Larry ’67 and Pam Satek: Fueling a passion for research

Larry ’67 and Pam Satek in their family winery.

Faculty-mentored research engages Oles in discovering their potential as researchers, investigators, and scholars. Through For the Hill and Beyond, Oles are building funds to support this high-impact practice.

Larry Satek ’67 loves doing research. It was a passion he didn’t discover until he participated in a St. Olaf summer lab as an undergraduate student.

“Half a dozen of us worked on the sixth floor of Holland Hall. There, Professor of Chemistry Don Tarr was very patient in helping me understand that in research the only right answer is the one that you develop. You figure out the rules that solve the puzzle, which is really exciting.”

It’s an insight that Satek believes is important to discover early in life and one that is hard to gain in any other way. It’s also why he established the John and Molly Grace Hartfield and Anja Satek Memorial Endowment to support summer research experiences for chemistry majors who want to pursue research and/or a teaching career.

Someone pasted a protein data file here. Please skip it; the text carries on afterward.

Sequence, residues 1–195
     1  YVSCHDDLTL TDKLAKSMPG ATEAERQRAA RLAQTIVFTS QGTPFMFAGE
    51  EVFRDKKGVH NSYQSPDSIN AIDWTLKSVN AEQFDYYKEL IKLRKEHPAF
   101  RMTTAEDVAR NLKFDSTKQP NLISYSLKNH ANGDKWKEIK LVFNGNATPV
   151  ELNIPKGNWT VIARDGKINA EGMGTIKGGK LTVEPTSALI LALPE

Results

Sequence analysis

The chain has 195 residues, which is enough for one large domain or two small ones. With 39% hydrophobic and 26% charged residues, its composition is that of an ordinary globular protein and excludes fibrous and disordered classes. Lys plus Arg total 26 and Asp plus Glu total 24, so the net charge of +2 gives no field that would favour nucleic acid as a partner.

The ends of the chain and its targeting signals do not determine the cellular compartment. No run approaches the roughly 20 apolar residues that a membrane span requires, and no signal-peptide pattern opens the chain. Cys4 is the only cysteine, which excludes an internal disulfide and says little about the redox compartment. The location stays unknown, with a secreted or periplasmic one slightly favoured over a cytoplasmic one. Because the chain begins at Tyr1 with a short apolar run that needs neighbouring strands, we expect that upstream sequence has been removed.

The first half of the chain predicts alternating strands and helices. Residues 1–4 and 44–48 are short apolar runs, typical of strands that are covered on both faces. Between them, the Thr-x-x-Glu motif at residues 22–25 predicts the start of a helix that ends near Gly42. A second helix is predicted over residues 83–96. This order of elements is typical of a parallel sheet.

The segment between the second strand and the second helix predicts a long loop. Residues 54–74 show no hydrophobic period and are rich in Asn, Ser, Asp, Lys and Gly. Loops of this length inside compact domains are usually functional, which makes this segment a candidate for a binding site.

“I made up my mind at that time, that if I ever had the opportunity, I wanted to give someone else the same chance,” he says.

Following graduation, Larry earned his Ph.D. and then taught, helping students gain the skills needed for research. He then launched a 20-year career as a catalyst chemist in the petrochemical industry, compiling 50 patents and numerous publications. Collaboration was hugely important, from material science through marketing, to make a project work. At one point Satek coordinated 20 to 25 research programs at various universities.


“I made up my mind at that time, that if I ever had the opportunity, I wanted to give someone else the same chance.”

Larry Satek ’67


“Whenever faculty heard I was an Ole, they would quickly share that St. Olaf had a strong reputation for preparing students for research.”

Now Larry and his family run Satek Winery in Fremont, Indiana, a “retirement” project that produces 20,000 gallons of wine annually. “There is a huge amount of hard science and art involved in winemaking. It was fun to put it together.”